Before launching my coaching business in 2008, I had recruited for over 10 years, hiring thousands of people in various roles and industries. One of the most overlooked aspects of a successful job search is research – knowing about the job, company and industry a candidate is targeting. I was always more impressed by the candidates who knew trending and nuanced information. Accordingly, my recommended resources focus on research.
A great resource for information about your target job or industry can be found within the professional associations that cover it. Weddles provides an online list of associations by keyword. The more comprehensive list of professional associations is The Encyclopedia of Associations, a hard copy reference set in the library. But the Weddles version is a good short cut to get started.
Guidestar covers non-profits and is used mainly by donors to see if a non-profit lines up with their funding criteria. But it’s a great research tool for summary information on non-profits and particularly salary information. Many non-profits listed on the site post their IRS filings (this is also publicly available even if it’s not on Guidestar, but Guidestar is a one-stop shop). On Form 990, a non-profit discloses its operating expenses and the top 5 salaried employees. If you’re an experienced job seeker and considering a non-profit, you want to know that it’s big enough to need and value what you do (and be able to pay for it).
Professional associations offer membership directories, professional development and networking events, and newsletters with trending topics. Many associations also post job opportunities. Ideally, you want to join one specific to your role (e.g., accounting, sales) or industry (e.g., financial services, media). Financial Women’s Association and NY Women In Communications are two organizations I belong to that focus on a specific area (finance and communications respectively). You may also want to join a general association for professionals across various roles and industries. Step Up is an organization I belong to that is national and has members across industries and roles, from entry- to executive-level, traditional employees and entrepreneurs.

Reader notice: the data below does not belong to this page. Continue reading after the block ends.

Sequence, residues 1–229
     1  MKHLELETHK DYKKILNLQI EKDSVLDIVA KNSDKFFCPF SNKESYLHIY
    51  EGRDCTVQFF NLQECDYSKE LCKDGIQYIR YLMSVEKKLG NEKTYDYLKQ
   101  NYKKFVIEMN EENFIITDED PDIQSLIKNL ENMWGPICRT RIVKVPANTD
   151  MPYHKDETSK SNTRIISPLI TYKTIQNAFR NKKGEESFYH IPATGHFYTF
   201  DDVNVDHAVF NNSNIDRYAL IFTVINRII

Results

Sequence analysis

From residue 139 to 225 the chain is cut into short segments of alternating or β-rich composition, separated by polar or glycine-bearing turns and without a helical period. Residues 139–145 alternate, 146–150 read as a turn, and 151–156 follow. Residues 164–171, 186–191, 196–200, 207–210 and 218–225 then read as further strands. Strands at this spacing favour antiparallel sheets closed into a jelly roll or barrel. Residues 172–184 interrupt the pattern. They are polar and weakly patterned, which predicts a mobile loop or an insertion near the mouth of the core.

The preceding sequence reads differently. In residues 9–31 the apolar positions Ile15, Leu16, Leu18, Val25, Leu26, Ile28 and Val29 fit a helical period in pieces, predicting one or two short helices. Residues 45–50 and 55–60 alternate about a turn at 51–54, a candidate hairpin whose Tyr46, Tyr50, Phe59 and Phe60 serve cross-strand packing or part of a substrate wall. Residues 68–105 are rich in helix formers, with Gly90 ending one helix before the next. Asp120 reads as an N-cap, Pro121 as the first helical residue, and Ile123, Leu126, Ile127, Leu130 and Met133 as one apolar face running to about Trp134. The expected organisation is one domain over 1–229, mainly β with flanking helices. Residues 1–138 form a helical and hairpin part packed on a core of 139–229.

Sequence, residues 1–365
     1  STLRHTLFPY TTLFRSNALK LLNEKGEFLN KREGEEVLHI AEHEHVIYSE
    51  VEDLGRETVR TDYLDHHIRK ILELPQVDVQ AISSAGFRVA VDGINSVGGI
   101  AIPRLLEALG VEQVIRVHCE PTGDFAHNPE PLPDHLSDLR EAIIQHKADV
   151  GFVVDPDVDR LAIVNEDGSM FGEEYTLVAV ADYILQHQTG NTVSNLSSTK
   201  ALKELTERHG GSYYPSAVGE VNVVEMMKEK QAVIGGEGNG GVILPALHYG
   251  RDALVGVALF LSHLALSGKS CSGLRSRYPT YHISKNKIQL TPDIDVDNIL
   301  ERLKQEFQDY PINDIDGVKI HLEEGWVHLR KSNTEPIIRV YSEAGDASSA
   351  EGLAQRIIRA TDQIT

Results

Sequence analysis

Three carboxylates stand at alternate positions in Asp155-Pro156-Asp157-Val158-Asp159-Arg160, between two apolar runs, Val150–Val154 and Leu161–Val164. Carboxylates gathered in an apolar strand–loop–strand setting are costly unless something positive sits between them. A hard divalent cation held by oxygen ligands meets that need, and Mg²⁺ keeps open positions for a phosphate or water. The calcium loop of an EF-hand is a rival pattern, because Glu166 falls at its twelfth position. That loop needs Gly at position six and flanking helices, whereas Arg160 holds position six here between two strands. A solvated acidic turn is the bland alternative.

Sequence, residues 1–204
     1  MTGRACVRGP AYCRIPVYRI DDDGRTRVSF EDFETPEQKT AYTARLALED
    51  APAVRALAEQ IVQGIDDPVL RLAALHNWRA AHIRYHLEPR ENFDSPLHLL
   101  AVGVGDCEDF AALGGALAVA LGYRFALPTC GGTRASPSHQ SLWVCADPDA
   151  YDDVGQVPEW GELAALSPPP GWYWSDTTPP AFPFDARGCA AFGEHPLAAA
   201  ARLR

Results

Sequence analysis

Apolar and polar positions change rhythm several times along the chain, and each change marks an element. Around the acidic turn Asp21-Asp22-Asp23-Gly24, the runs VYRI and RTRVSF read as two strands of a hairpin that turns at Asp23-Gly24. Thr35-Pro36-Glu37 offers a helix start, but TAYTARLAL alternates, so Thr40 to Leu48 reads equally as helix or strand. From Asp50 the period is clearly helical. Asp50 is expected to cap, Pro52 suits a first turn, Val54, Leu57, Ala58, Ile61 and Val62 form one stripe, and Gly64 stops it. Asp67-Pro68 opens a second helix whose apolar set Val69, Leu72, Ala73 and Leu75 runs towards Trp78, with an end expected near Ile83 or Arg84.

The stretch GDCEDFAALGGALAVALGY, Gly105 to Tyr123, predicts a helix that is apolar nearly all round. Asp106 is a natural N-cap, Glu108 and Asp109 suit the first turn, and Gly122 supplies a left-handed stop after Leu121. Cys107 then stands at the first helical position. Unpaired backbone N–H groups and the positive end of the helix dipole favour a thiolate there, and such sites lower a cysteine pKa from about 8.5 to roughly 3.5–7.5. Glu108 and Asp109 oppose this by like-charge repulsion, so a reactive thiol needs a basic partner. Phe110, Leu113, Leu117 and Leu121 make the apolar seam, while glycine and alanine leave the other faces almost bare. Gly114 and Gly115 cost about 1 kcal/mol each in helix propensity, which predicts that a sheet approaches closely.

One Person/ Multiple Careers: The Original Guide to the Slash Career by Marci Alboher This book by former journalist and now VP at Encore.org, a non-profit focusing on helping experienced private sector professionals transition into non-profit careers, features strategies and tips for juggling multiple careers but also inspiring real-life examples. Alboher writes about the famous and accomplished, such as Sanjay Gupta whose slash career is neurosurgeon/ CNN correspondent, but also regular people who have managed slash careers, such as Carrie Lane, art consultant/Pilates instructor or Oscar Smith, police officer/personal trainer. I strongly recommend this book for people who want to think creatively about their career options and pursue multiple interests.
Working Identity: Unconventional Strategies for Reinventing Your Career by Herminia Ibarra. Ibarra is currently on the Organizational Behavior faculty of INSEAD and was previously at Harvard Business School. But this breezy read is not a text book. Ibarra shares career transition strategies and case studies of people who have successfully transitioned and provides an inspiring message that transitions are not made of “Aha!” moments but rather ongoing experiments into what works specifically for you.
Caroline Ceniza-Levine is a career expert with SixFigureStart®. She is a former recruiter in management consulting, financial services, media, technology, and pharma/ biotech.